-Islam is complete: Allah’s Messenger May Allah’s peace and blessings be upon him conveyed Islam and all its laws in full; thus, no one is allowed to introduce any practice in Islam which the Prophet r did not approve.
Islam is relevant to all times and places: Islamic rulings mentioned in the Qur’an and the Prophet’s Sunnah are relevant to all times and places, for no one knows for certain what is best for people except Allah who created them in the first place.
-To follow the Prophet’s Sunnah: For one’s goods deeds and devotional acts to be accepted by Allah I, they have to be done in accordance with the manner prescribed by the Prophet r, as the Qur’an states, “So let him who hopes to meet his Lord do righteous work and not associate anyone in the worship of his Lord.” (Soorat Al-Kahf, 18:110) The phrase ‘righteous work’ here denotes good deeds which are done in accordance with the Prophet’s Sunnah.
-Innovations in religious matters are strictly forbidden: Those who introduce an innovation in religion (an act of worship which contradicts the Prophet’s Sunnah), such as offering a prayer not sanctioned by the Prophet S, blatantly go against his command and will have the innovation they have introduced rejected, as the Qur’an states, “Those who oppose his command should beware of a testing trial coming to them or a painful punishment striking them.” (Soorat An-Noor, 24:63) The Prophet May Allah’s peace and blessings be upon him also said in this connection, “He who innovates something in this religion of ours that is not of it will have it rejected.” (Saheeh Al-Bukhaaree: 2550; Saheeh Muslim: 1718)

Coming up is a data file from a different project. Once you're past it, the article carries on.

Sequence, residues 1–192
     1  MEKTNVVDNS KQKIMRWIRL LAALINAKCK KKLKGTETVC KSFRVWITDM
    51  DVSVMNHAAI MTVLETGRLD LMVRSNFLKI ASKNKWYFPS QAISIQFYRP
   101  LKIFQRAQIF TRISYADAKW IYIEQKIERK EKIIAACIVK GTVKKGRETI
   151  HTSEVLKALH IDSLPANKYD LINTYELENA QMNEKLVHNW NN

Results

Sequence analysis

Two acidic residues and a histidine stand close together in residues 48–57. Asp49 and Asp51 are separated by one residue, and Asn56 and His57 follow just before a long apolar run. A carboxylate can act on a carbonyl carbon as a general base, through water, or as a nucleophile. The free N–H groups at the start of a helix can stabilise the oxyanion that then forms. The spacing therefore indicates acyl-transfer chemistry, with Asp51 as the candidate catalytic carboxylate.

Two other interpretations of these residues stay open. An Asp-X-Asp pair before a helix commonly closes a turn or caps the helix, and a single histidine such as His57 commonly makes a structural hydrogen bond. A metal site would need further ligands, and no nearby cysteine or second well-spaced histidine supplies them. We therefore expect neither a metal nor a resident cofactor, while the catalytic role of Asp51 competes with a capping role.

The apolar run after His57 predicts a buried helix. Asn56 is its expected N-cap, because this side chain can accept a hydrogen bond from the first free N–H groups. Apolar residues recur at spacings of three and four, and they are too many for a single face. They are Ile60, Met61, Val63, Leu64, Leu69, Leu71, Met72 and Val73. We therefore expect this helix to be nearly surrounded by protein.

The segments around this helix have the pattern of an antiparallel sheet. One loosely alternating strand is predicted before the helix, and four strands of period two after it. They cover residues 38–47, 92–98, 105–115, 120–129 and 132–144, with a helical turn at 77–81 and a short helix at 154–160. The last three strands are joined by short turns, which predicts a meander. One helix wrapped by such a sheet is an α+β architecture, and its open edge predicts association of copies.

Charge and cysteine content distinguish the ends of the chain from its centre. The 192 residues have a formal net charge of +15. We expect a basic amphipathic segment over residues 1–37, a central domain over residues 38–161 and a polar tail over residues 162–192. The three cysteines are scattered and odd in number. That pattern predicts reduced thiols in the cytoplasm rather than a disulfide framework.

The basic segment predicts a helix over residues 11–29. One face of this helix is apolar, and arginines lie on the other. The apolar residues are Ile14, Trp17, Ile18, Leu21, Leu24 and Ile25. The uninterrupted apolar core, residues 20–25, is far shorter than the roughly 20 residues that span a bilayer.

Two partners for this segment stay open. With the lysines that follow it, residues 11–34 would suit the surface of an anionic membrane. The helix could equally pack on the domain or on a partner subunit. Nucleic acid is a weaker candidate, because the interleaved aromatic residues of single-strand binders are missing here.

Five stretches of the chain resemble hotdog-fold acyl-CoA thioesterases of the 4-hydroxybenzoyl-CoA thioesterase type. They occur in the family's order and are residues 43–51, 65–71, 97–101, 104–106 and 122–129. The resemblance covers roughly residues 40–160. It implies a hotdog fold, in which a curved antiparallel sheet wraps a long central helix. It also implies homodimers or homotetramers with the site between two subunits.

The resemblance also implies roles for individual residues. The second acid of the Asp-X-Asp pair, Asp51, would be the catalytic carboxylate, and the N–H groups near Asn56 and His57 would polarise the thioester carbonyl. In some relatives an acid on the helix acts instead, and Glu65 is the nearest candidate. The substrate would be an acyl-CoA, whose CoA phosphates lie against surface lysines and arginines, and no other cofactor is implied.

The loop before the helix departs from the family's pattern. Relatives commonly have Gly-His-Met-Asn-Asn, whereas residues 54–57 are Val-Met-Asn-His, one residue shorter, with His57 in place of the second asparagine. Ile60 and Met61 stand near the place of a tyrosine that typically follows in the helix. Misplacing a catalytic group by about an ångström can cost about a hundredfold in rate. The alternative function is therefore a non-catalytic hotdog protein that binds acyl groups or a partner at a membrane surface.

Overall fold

By strictly forbidding innovations in religion and adding or changing acts of worship, Islam intends to protect divine law against distortion and alterations and safeguard it against being subjected to people’s whims and desires. Apart from this, Islam does, however, encourage the human mind to engage in innovative thinking and to explore the secrets of the universe in all aspects of life with a view to serving humanity and helping develop its present and future status.